On Saturday evening nothing I do quells the barking. In desperation, I ambush her in mid bark, and secure her Doggles over her muzzle and behind her ears.

 

 

 

 

 

 

When I’ve tried this previously, I’ve generally met fierce resistance, but this time she doesn’t protest when I put them on her. In fact, she seems relieved, and falls asleep almost immediately. She sleeps for several hours without a peep, and only wants them taken off when it’s time to go outside for her last pee of the day.

Oh.

Human’s brain begins to clank into action. During February, it rained vitually every day. For most of March the days have been much sunnier, and even when it hasn’t been sunny, the light has been unusually intense.

Is it the intensity of the light which is affecting her? Have there been changes in her eyes? Or is it simply that she is less able to tolerate light now she is older?

Who knows? And perhaps it doesn’t matter. I guess it’s time to stop theorising, to focus instead on observing her responses in different environments, and to work out a plan of action.

Watch this space.

 

Isis came from Aeza cat and dog rescue in Aljezur, Portugal. For information about adopting an animal from the centre, contact kerry@azea.org or go to http://www.dogwatch.co.uk.

 

This entry was posted in crisis, Highbury Park, Isis at home, Isis in trouble, oh dear, poor Isis, something's not right, strange behaviour, these dogs!, twirling, we don't like bright light, we don't like bright sun, what on earth's the matter?, who'd be a human? and tagged , , , , , , . Bookmark the permalink.

2 Responses to bright light

  1. Figuring out these fur babies can really be a challenge at times. If only they could talk! I’m so glad the doggles were accepted and settled her down for a while. I’m sure you’ll figure it out before much longer. Hang in there, Isis. I’m sorry to hear you lost your hearing aid, that’s a pain for sure. I had a week about like that too with lousy luck on a few levels. We need to find some better luck somehow. I hope this week is way better for you and Isis.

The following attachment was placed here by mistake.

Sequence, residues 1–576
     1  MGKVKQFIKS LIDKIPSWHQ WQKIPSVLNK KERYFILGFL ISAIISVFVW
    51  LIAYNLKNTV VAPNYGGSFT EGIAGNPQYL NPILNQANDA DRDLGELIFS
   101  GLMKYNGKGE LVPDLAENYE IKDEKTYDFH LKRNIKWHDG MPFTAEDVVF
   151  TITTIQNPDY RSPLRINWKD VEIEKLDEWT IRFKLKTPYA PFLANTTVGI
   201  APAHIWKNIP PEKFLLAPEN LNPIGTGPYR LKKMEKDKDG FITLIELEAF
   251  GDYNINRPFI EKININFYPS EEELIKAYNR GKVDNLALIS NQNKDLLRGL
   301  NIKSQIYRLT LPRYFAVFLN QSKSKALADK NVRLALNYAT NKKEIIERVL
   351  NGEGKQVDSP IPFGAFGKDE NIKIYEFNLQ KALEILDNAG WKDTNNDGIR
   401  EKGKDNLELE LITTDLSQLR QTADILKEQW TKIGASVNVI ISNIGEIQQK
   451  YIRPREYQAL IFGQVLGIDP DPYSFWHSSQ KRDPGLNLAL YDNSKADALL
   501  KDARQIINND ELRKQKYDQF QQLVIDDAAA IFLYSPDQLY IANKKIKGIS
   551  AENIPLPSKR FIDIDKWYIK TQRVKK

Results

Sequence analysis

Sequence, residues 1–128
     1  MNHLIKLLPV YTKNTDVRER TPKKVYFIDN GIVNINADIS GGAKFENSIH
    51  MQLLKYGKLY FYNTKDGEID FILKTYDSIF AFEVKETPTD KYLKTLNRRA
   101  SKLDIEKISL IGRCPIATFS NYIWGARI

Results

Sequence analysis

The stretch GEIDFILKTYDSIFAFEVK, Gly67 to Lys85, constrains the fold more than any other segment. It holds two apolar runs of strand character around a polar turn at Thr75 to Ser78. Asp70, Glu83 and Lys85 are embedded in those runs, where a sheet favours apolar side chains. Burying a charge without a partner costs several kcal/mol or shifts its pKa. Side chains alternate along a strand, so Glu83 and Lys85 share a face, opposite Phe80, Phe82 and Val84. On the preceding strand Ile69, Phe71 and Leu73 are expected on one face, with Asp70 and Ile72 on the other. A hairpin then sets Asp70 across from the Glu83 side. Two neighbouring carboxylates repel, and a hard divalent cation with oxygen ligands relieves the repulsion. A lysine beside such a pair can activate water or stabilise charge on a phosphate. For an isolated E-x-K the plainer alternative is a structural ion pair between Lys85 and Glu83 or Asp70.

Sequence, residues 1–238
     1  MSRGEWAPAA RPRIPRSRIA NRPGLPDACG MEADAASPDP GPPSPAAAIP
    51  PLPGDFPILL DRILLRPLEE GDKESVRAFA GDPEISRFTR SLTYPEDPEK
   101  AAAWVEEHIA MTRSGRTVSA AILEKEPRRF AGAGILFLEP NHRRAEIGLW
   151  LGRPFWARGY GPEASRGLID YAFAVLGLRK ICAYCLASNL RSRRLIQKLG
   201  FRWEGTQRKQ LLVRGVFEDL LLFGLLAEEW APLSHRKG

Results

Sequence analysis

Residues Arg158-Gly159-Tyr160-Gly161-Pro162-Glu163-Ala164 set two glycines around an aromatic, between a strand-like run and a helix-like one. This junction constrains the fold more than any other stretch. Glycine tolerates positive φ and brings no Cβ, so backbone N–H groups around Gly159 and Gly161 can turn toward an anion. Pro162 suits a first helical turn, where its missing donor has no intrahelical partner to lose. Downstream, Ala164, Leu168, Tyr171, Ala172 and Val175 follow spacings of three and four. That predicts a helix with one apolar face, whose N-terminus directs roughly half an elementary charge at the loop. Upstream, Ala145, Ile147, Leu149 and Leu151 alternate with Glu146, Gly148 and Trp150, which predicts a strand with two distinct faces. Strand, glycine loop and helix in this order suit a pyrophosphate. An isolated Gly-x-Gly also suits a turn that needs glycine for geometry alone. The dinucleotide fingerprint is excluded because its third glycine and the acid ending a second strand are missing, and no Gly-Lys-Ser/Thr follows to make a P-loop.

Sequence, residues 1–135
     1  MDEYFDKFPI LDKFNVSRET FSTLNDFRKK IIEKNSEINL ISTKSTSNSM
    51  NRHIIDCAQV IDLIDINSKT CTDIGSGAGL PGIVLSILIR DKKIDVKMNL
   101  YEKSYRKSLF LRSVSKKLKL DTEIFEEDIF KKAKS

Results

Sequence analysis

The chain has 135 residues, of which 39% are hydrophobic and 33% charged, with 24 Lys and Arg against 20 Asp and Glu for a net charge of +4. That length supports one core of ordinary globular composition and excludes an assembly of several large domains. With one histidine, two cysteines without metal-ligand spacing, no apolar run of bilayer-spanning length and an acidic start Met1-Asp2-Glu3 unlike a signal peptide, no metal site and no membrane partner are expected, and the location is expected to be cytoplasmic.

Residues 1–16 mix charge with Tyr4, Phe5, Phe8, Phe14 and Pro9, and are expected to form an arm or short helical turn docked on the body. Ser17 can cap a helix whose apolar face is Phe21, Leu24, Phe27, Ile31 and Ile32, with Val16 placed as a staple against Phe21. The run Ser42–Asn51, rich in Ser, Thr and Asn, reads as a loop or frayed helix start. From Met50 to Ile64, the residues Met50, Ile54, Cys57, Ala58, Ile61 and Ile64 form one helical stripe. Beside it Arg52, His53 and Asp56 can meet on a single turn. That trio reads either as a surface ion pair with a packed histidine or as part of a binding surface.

Liked by 1 person

    • Yes, you’re right there Val, challenging it definitely is. If only I could say to her, “Wag your tail when I get it right: it’s your front right pad; your anal glands need emptying; there’s a seed stuck in your hair; there’s too much light in here.”
      I think things are beginning to improve. In the last few days I’ve only lost a set of keys and my driving glasses, and found them after a few days.

      Like

Leave a Reply

Fill in your details below or click an icon to log in:

WordPress.com Logo

You are commenting using your WordPress.com account. Log Out /  Change )

Twitter picture

You are commenting using your Twitter account. Log Out /  Change )

Facebook photo

You are commenting using your Facebook account. Log Out /  Change )

Connecting to %s

This site uses Akismet to reduce spam. Learn how your comment data is processed.